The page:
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Ruling on solicitations by lawyers brings debate

Last week, the U.S. Supreme Court touched Florida. How it touched the state is a matter of opinion.

It decided that the Florida Bar can make lawyers wait 30 days before they solicit accident victims or their families by mail.

Some say the court's decision was based on constitutional principles. Others say the Constitution wasn't the guiding light for the decision _ gut feelings were.

"I'm very pleased that the U.S. Supreme Court thinks that it is appropriate for the Supreme Court of Florida and the Florida Bar to take steps to improve our profession," said Tampa lawyer Ben Hill, a former Bar president who helped draft the Bar's rule in 1991.

Hill said the Bar worked carefully to draft a rule that would improve the legal system without invading lawyers' right to free speech. The court recognized that the Bar had a legitimate interest in maintaining public confidence in the legal system, he said.

But a Tampa lawyer referral service called Went For It Inc., owned by G. Stewart McHenry, and Clearwater personal injury lawyer John T. Blakely disagreed with the rule. Fort Lauderdale lawyer Bruce Rogow represented them in a case against the Bar.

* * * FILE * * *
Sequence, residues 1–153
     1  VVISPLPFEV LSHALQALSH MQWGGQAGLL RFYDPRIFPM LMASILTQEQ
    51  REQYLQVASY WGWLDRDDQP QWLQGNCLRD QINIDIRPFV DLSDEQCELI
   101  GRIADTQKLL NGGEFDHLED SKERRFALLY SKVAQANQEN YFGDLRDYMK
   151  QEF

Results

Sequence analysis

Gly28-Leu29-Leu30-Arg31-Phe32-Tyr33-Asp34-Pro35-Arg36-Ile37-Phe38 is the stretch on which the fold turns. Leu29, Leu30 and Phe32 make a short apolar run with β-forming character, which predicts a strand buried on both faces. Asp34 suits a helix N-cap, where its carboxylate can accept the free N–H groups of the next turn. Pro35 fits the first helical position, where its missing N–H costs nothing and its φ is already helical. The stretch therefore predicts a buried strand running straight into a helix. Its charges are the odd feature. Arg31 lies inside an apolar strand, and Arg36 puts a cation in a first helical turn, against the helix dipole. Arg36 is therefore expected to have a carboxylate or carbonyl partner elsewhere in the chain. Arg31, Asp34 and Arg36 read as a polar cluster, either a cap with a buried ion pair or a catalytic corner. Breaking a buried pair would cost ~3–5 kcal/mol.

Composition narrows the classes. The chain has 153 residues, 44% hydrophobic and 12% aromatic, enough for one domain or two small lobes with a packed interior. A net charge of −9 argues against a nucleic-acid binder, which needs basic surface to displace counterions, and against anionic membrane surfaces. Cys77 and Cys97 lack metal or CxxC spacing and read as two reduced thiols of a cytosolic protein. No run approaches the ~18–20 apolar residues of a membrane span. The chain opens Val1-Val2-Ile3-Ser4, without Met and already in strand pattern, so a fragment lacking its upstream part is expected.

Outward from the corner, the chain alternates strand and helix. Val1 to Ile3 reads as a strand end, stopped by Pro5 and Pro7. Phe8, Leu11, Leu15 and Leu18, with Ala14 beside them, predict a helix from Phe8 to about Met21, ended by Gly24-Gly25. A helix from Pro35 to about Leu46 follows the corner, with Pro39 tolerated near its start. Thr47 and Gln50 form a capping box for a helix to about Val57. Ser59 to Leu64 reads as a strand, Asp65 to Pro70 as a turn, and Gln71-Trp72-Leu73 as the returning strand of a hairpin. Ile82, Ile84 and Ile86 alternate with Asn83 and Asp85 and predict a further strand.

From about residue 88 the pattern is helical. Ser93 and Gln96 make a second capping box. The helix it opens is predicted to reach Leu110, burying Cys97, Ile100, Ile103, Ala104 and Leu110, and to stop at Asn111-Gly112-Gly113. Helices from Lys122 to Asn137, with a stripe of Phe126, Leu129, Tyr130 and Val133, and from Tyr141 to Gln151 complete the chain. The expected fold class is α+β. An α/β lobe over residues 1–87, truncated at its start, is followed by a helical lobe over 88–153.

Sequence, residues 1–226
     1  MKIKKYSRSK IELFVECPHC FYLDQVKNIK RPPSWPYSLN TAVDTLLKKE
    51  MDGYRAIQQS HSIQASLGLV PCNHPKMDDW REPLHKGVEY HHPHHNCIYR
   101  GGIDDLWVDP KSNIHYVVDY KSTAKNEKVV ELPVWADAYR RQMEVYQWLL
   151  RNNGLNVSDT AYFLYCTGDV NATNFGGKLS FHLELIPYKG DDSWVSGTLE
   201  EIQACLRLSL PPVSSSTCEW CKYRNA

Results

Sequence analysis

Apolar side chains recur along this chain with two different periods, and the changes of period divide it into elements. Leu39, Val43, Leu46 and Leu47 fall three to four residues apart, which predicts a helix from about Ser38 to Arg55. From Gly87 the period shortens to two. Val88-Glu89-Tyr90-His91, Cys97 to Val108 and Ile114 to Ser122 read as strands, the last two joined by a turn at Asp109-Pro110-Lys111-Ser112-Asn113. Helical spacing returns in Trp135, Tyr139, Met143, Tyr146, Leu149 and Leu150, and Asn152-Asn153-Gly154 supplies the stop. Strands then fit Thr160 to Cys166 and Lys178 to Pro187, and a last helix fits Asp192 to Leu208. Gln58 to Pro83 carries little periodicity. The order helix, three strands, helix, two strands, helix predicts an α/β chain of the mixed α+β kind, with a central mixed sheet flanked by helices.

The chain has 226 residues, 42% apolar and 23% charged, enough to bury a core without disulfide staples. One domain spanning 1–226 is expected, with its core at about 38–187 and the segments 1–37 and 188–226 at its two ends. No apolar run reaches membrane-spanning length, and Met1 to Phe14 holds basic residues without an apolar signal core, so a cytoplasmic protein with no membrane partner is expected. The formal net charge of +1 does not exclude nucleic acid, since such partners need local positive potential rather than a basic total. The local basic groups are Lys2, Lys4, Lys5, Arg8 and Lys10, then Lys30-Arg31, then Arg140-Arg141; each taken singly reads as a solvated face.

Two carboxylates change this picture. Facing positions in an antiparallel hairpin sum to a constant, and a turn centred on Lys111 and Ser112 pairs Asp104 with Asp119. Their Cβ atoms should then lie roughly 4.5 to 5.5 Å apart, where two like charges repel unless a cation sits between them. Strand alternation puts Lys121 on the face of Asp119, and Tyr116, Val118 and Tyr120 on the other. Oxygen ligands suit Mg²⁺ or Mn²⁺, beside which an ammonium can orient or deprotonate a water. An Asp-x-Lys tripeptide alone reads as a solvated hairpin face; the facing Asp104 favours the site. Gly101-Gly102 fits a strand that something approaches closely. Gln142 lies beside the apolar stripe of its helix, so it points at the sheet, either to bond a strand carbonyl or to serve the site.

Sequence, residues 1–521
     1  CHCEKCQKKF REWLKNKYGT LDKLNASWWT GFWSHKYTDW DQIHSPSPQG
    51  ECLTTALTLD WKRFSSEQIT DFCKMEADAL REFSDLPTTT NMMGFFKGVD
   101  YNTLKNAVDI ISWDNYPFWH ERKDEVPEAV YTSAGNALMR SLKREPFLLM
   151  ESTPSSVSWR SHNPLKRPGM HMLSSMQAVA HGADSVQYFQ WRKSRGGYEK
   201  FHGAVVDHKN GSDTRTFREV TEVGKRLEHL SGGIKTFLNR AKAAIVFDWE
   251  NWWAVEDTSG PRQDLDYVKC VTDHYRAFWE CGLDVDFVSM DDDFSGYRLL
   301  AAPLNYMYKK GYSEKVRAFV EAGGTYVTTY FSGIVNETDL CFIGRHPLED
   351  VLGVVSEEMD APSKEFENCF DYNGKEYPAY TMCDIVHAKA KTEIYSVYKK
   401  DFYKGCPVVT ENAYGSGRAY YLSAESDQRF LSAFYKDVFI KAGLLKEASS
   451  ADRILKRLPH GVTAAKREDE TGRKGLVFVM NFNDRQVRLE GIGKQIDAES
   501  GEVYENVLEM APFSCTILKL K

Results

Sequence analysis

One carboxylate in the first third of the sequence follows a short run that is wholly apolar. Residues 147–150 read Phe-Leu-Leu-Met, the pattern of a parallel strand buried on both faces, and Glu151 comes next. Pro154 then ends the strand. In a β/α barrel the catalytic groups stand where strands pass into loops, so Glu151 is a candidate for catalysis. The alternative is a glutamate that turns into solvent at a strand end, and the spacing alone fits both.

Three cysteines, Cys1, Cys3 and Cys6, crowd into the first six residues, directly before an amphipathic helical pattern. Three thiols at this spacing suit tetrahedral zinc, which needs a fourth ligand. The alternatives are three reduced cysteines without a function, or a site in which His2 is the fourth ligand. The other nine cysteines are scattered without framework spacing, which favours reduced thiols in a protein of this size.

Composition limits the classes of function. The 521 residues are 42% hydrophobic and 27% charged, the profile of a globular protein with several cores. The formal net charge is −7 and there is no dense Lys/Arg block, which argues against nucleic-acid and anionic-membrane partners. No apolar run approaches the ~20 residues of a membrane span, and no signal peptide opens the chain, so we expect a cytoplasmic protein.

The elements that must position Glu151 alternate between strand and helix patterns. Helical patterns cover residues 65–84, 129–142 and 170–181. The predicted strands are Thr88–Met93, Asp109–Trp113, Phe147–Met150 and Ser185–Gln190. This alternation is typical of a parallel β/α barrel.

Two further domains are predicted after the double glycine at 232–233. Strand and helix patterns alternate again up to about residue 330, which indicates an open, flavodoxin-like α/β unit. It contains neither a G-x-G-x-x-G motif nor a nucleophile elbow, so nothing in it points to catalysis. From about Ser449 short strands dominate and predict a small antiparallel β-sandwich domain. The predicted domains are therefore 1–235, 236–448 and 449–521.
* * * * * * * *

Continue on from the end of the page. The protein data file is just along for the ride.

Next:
Rogow argued that the state should not be allowed to ban truthful commercial speech, even for 30 days.

"I think the (Supreme Court) decision works hard to get around established constitutional legal principles," Rogow said. "It reflects the strong feelings that surround lawyer advertising.

"Let's face it: The judges are lawyers. They are not going to be as objective about lawyer advertising as they are about beer ads."

But Rogow said he wasn't bitter, nor all that surprised.

"I was worried from the beginning," he said. "The argument went very well. But when it took so long to decide, I started telling my friends I thought we were going to lose."

Hill, meanwhile, said he walked away from oral arguments with mixed reactions, unsure how the court would decide. As it turned out, it decided in his favor.

The court's opinion won't just affect Florida Bar rules, but it's likely to be studied by legal scholars who will try to predict future cases. Also, it may affect how other state bars draft rules and how other courts react to them. For example, the state bar of Texas recently tightened its advertising rules, which led to a federal court challenge.

But for now, in Florida, the decision means lawyers can't contact accident victims or their families for 30 days. In the past, the Bar had received hundreds of letters or calls of complaint about lawyers contacting victims too soon, Hill said.

Some solicitation letters from lawyers would arrive on the day of a funeral or a wake, Hill said.

Now, if the Bar receives such a complaint, it will look into the allegation. If the complaint is found to be true, lawyers would be sanctioned by the Bar.